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The Tartan Army
Chapter 4

[The breeches must needs be worn when our commanders were so quietly subdued. ]

The Wester Glen job, successfully completed, Don and Gerry paused to take stock. Some things were becoming clear. They now realized that they were well down the road on a journey which they had not foreseen and there was no turning back. In this respect the media and the police were well ahead of them. They recognized that they were in unchartered waters and they must keep a weather eye open for sharp rocks. At this time they were unaware that George Ronald had named McGuigan to the police. The Wallace Sword had been one thing, bombing was an entirely different ball game. Having seen that the English Parliament will go a long way if given a kick up the rear end, they figured that they couldn't stop now if the English failed to produce the goods. The Scots certainly couldn't produce anything. As the weeks rolled on it was obvious that the Establishment were clueless and frightened. The tables had been turned.  The Scots were now calling the tune and all the English could do was to borrow a page out of Scotland's book and girn, [whine]. They were in that worst state of all, completely unknowing. The English did know where or when or how big would be the next strike of the Border Clan. The Wallace Sword had still not been put back on display. This took up a lot of their thoughts.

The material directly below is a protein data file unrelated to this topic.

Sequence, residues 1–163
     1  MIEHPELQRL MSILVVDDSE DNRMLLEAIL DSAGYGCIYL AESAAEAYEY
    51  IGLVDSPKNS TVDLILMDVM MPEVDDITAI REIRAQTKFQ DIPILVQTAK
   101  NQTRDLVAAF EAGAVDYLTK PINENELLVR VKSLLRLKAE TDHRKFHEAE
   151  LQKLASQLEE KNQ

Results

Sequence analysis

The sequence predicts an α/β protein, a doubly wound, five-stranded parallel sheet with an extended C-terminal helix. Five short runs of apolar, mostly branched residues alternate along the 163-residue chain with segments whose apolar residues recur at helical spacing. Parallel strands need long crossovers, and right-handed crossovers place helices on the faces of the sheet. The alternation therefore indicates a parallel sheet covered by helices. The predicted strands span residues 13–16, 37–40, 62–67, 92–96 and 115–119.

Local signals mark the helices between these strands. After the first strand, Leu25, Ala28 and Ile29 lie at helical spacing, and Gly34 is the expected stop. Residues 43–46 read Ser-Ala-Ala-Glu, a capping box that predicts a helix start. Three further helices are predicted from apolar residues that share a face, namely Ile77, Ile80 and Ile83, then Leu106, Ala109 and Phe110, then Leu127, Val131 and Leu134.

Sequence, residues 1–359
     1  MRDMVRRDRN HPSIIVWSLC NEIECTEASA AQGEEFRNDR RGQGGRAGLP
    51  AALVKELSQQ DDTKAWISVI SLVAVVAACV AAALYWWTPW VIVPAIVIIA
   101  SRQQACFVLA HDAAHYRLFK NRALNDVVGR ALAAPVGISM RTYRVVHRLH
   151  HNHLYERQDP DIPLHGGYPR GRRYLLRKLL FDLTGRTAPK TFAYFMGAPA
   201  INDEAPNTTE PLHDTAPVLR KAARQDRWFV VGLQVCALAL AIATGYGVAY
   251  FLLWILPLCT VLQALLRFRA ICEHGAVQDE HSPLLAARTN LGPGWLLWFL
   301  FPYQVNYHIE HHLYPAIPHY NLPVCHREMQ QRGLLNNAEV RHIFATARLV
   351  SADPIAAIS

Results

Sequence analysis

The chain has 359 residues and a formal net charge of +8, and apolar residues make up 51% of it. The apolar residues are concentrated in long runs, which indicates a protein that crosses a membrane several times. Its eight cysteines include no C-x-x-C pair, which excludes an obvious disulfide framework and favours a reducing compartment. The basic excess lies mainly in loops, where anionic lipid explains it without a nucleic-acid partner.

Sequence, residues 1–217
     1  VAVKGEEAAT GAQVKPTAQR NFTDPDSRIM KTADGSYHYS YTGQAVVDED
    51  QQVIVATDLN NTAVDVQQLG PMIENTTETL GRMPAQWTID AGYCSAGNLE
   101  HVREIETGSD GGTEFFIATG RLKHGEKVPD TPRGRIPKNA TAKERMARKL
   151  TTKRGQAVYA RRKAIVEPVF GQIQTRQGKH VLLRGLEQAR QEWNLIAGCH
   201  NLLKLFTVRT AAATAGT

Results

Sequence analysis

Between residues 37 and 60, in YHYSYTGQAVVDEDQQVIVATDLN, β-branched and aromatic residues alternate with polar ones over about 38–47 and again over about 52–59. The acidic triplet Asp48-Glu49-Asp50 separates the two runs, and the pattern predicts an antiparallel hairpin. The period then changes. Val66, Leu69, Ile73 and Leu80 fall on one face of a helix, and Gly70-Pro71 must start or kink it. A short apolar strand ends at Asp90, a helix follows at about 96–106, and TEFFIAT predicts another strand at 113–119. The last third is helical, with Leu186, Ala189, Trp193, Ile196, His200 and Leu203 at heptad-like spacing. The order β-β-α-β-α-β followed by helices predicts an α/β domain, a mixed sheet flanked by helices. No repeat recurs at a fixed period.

Meanwhile the political scene was hotting up. The English man in the street was starting to realize that there was a stir to the North. The development of North Sea oil was beginning to gather pace. There was no need now for a Labour Government to kill Biafrans for oil, the self same grade of oil was right on their seashore or what was more to the point on Scotland's seashore. Since Scotland had its own legal system the oil came within the scope of Scots Law if not a Scots Government. The Scots were half way to having justification for the S. N. P. 's cry "It's Scotland's oil. "The S. N. P.  were running amok and the hymn of hate was being parroted against them by Imperialists both red and blue who had ganged up on the S. N. P. The S. N. P. told the Scots that the English would soon be robbing Scotland again. They started by stealing the Stone of Destiny. They stole their universities. They stole their gas system which was owned by the municipalities in Scotland.  The private owners in England had however been paid by a Labour government when they nationalized gas.  The Scots working class got nothing. The government,  nationalized the coal mines and transferred the coal exports which came from the Ayrshire coalfields to Ireland,  to the North East of England mines and followed up this robbery of the Scots workers by transferring the manufacture of railroad engines to England, in both cases putting thousands of Scottish workers on the breadline.  They stole the whisky,  which annually is worth more than the total gold and dollar reserves of the British Government. On top of all this they were subsidized from the net food surplus of Scotland. 70% of all the fish eaten in England is caught by the Scottish fishing fleet. A huge surplus of Scotch beef, mutton and wool went over the border. Scotland had a surplus of electricity which went over the border. The late Richard Dimbleby anchored a discussion on T. V.  which told the Scots that if England would export as well as the Scots, then Britain would have no balance of payments problem. And of course as an English historian pointed out, the Scots had "provided a reservoir of blood for the English empire". Mind you Scots landed gentry and other manques got their unfair share from the rape of other peoples' countries. Poor England would now get the oil and natural gas that would pour ashore. The list went on and on.